In this contribution, we present new structural, microstructural, fabrics, and geochronological data from the southern Chong Shan complex, one of the metamorphic complexes in the southeastern Tibetan Plateau that were sheared and exhumed during the India-Eurasia convergence. The NW-SE–striking complex is comprised of a central high-grade metamorphic zone (Unit I) flanked by two low-grade metamorphic zones (units II and III) on the northeastern and southwestern sides, respectively. High-grade metamorphic rocks (e.g., amphibolites, sillimanite-mica schists) of up to amphibolite facies, of the Proterozoic Chong Shan group and granitic intrusions of Permo-Triassic to Cenozoic in age in Unit I are characterized by high-temperature deformation. Units II (i.e., the Wuliangshan group) and III (i.e., the Lancang group) on both sides of the high-grade Unit I consist of metamorphic rocks of low greenschist facies (e.g., phyllites) with low-temperature deformation. The high- and low-grade units possess consistent kinematics, i.e., northwestward motion of the core rocks relative to the two limbs, and they are separated by large scale shear discontinuities. Thereby, the high- and low-grade units are kinematically linked but mechanically decoupled. Zircon laser ablation–inductively coupled plasma–mass spectrometry U-Pb dating of syn-shearing granitic dikes reveals that ductile shearing occurred from 29 to 19 Ma.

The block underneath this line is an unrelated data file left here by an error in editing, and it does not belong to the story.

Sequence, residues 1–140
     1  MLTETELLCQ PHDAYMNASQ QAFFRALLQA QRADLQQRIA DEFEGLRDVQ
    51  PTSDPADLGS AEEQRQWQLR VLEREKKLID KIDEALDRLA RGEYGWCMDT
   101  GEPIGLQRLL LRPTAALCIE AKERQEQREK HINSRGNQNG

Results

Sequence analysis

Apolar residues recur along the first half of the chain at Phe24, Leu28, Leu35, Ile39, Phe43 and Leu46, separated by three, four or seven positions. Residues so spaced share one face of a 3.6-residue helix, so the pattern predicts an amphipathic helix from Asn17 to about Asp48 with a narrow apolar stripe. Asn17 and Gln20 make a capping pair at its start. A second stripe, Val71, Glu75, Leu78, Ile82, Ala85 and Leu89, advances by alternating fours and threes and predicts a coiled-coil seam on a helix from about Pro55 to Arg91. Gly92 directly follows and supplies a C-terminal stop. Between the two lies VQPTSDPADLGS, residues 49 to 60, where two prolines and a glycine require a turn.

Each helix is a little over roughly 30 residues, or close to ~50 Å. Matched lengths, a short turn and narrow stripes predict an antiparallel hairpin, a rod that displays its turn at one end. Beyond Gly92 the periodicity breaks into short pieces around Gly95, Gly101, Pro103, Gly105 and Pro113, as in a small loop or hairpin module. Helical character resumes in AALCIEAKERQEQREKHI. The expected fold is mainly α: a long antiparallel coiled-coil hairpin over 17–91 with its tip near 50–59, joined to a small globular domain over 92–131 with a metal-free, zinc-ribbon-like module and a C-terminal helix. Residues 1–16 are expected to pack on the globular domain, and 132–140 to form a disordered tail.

Structural analysis reveals that these units constitute an A-type dome that has long axis parallel to the stretching lineations and fold axes of outcrop-scale A-type folds. It is shown that three stages of deformation contributed to the formation of the southern Chong Shan dome, during which subhorizontal shearing were in connection with regional doming. The events occurred as the consequence of middle to lower crustal flow that led to lateral flow and vertical exhumation of crustal masses. Therefore, the lateral crustal flow was not only limited along the boundary high strain zones of the Sundaland block, but distributed within the southeastern Tibetan Plateau. We would argue that the tectonic extrusion of the Sundaland block occurred through ductile crustal flow of a viscous middle and lower crust in the plate interior combined with concurring channel flow along the block margins.

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